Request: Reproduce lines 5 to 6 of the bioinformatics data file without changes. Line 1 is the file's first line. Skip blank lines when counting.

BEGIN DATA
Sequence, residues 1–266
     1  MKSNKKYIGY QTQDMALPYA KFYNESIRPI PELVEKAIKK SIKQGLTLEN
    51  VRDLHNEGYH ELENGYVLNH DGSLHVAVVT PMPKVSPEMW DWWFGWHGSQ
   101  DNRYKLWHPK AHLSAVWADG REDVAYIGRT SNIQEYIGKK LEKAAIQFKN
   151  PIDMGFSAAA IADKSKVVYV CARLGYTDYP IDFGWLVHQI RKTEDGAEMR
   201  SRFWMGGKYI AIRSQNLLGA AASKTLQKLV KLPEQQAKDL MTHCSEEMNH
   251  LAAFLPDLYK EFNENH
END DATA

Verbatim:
   151  PIDMGFSAAA IADKSKVVYV CARLGYTDYP IDFGWLVHQI RKTEDGAEMR
   201  SRFWMGGKYI AIRSQNLLGA AASKTLQKLV KLPEQQAKDL MTHCSEEMNH